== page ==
For the next couple of weeks the Olympic Games in Sochi, Russia, are likely to live near the top of both news and sports broadcasts; the Olympics, with their subtext of international competition (as important to some news media and many spectators as the competition between athletes) are always news. It’s worth remembering, though, that the Olympic Charter specifies that “The Olympic Games are competitions between athletes in individual or team events and not between countries”—a concept that many jingoistic commentators would do well to remember.
(The role of the nation versus the individual or team might make for a great topic of discussion for interested Olympics-watchers. As well, we await the first time a thoughtful newsreader explains the daily medal count as, “Twelve of today’s medal winners were from Norway” instead of the more usual, “Norway won twelve medals today.”)
The Winter Games can have a special appeal to the interested child. Replete with unusual sports, complex scoring methods, and athletes from nations—think Liechtenstein—that tend not to be in the news very much, there’s a great deal to pique a young person’s curiosity. Plus, of course, the sports are just fun to watch, from the grace of figure skating to the anxious precision of curling to the sheer speed of alpine skiing, not to mention the seemingly impossible geometries of snowboarding and freestyle skiing. (NBC Learn has a great educational site, “Science of the Winter Olympic Games,” for interested children and adults who want to know, for example, how figure skaters can control the speed of their spins and turning jumps.)
The Olympics always provide lessons in geography and culture as well as the human interest of tight competition among athletes at the peak of performance. The opening ceremonies are artistic extravaganzas, and the pride and excitement of the athletes entering in their team uniforms behind their national flags is palpable. Equally palpable is the joy and unbridled relief of the athletes at the closing ceremonies; watching medal winners taking pictures of the crowd on their phones as they grin and dance their way into the stadium is a reminder that this is a deeply human event, a coming together that fulfills the wildest dreams of the idealists who began the modern Olympic movement in 1894—truly, what founder Pierre de Coubertin called “a program of moral beauty.”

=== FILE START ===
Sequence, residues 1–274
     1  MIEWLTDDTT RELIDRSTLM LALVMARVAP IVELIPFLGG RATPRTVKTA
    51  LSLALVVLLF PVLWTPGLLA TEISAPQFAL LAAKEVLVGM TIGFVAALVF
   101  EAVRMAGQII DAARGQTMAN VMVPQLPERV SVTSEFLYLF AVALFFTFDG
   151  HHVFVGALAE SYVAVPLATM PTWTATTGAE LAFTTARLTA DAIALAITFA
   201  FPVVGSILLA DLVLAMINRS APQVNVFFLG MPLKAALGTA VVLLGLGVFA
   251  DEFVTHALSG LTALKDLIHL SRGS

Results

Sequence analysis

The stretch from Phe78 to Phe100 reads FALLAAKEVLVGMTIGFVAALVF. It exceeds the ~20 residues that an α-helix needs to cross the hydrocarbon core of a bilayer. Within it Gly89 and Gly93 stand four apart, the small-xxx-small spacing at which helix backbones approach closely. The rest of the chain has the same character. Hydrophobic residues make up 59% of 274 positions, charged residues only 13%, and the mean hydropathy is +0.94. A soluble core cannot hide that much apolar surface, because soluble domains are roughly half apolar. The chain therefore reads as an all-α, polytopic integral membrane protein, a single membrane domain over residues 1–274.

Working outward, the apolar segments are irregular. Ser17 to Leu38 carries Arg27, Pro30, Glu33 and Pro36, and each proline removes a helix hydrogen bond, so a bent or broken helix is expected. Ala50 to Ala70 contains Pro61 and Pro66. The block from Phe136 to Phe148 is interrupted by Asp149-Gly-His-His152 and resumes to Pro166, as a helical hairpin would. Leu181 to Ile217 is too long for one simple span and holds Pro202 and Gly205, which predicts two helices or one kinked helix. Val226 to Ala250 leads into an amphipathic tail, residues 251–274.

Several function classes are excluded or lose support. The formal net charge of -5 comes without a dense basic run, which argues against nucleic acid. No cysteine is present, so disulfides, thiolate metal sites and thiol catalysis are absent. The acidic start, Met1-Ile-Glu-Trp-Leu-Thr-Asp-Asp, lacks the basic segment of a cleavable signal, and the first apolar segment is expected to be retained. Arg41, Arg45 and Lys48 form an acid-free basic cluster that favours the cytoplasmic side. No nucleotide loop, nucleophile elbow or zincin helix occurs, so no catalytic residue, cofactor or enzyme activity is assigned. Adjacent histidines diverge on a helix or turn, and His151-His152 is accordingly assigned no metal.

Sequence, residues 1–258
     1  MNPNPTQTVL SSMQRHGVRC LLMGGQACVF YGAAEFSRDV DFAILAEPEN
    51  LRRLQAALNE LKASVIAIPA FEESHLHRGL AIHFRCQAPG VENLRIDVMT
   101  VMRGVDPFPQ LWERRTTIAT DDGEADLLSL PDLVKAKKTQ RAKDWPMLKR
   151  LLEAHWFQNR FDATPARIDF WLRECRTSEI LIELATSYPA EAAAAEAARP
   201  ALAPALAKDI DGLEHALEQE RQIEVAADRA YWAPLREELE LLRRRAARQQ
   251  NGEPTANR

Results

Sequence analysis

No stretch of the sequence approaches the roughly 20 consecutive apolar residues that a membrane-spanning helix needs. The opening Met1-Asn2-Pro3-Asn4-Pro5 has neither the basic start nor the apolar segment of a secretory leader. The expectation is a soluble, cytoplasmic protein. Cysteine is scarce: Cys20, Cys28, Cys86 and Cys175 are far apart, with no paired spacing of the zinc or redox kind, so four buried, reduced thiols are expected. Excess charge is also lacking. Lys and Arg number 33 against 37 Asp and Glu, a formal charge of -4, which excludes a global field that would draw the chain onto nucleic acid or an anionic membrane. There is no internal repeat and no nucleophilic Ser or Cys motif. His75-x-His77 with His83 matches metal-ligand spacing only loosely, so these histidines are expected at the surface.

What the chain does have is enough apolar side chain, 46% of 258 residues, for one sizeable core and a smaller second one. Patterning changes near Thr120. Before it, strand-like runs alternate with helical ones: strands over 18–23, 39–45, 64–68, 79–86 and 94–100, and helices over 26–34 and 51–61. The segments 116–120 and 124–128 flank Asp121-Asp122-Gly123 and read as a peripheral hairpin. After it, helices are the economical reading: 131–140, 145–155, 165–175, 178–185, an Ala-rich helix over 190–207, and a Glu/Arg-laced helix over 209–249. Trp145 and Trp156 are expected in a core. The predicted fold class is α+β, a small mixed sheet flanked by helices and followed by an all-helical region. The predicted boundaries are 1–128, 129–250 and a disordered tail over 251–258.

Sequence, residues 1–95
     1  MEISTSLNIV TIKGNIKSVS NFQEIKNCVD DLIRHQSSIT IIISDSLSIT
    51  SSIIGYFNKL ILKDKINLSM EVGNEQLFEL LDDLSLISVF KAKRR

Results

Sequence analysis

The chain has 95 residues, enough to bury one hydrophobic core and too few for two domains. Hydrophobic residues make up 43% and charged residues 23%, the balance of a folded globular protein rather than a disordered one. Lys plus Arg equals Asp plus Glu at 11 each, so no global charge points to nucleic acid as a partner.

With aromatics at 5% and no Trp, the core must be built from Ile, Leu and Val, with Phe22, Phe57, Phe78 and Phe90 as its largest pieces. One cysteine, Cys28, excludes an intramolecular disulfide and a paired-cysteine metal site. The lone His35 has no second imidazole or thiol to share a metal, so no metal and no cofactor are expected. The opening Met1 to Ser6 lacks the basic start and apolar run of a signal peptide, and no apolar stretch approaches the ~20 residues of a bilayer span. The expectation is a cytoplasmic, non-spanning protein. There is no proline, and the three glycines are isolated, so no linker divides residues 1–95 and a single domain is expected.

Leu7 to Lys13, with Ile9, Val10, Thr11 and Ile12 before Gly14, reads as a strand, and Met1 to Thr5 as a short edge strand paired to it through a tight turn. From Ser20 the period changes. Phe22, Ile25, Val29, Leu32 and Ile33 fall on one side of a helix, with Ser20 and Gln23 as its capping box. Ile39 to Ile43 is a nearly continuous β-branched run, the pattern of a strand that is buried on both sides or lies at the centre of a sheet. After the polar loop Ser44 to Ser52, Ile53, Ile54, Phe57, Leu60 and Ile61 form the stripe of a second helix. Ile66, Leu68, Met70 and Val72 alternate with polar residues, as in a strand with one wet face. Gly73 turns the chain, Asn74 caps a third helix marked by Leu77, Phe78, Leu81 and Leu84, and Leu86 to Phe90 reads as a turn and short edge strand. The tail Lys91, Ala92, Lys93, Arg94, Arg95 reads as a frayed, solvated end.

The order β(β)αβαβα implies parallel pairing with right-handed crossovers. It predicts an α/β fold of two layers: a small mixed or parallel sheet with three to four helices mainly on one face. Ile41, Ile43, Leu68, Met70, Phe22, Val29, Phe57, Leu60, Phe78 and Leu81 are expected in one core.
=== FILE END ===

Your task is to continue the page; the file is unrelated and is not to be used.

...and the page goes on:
This year’s Winter Olympics will receive massive coverage on live TV, streaming video, and wrap-ups and highlight shows. Just following the main Games will be record-level broadcast coverage of the Paralympics, in which disabled athletes compete in many Olympic sports in one of the most extraordinary affirmations of the human spirit and human possibility anyone is ever likely to witness.
We are obliged to note that these Olympics have sparked more than the usual amount of controversy owing to both the threats of terrorism and Russia’s Draconian laws pertaining to homosexuality. For some, viewing the Games this time around may be more disturbing than enjoyable; adults will have to make their own decisions on these matters.
Nevertheless, we at The Interested Child remain big fans of the Olympics and the spirit in which they were established and continue, at their best, to portray. We urge parents, guardians, and educators to give consideration to the upsides of offering children plenty of opportunities to watch, learn from, and reflect on the spectacle that is the Winter Olympics.
Here’s a brief overview of the Games prepared for elementary-age students (compliments of Mimi Harrington of Dedham Country Day School, Massachusetts–who notes that there have been a couple of changes since the show was created earlier this week; the world of sport is a world of change!):